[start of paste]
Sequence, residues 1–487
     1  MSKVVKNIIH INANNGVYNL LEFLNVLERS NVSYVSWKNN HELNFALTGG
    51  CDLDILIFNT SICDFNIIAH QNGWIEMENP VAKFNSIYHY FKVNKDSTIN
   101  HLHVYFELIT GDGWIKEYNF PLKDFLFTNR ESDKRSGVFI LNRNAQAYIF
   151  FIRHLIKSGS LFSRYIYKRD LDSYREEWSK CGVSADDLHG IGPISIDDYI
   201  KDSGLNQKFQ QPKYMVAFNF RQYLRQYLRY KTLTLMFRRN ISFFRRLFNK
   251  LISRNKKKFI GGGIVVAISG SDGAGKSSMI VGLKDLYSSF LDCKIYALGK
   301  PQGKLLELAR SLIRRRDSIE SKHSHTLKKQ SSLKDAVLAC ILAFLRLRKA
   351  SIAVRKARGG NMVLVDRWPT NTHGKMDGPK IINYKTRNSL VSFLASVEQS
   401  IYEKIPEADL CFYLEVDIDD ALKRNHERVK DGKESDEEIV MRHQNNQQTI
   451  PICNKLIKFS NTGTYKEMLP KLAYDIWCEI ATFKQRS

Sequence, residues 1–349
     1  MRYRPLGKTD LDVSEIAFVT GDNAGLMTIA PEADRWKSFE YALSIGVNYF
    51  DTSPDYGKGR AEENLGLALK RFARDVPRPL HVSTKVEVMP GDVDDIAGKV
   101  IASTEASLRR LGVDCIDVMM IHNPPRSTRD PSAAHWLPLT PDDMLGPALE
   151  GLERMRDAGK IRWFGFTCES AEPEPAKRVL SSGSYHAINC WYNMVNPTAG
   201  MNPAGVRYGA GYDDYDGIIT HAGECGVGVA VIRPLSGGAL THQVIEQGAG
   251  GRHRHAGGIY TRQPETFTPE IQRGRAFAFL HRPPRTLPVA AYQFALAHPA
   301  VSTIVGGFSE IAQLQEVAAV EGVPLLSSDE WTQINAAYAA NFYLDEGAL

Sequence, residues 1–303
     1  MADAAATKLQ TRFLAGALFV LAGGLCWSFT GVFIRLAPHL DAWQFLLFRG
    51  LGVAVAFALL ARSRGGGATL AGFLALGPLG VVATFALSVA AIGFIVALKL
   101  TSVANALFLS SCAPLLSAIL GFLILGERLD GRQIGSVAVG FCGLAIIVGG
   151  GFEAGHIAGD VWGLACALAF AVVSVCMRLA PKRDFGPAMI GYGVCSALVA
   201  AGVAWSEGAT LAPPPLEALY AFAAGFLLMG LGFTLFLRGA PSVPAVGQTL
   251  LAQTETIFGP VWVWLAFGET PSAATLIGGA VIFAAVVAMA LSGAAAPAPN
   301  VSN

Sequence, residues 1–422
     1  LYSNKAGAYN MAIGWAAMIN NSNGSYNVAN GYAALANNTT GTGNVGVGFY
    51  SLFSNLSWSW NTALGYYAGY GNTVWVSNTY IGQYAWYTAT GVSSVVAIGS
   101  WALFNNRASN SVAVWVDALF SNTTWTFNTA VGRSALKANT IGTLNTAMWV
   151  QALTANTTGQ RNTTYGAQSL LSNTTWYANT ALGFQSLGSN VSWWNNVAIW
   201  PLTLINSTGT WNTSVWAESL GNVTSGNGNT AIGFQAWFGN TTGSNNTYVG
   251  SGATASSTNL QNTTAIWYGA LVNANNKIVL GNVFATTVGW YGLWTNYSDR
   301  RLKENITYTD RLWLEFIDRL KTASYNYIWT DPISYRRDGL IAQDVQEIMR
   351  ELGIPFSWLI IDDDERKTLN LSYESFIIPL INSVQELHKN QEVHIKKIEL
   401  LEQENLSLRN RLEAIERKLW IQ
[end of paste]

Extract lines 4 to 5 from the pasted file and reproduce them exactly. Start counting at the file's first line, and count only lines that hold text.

   101  HLHVYFELIT GDGWIKEYNF PLKDFLFTNR ESDKRSGVFI LNRNAQAYIF
   151  FIRHLIKSGS LFSRYIYKRD LDSYREEWSK CGVSADDLHG IGPISIDDYI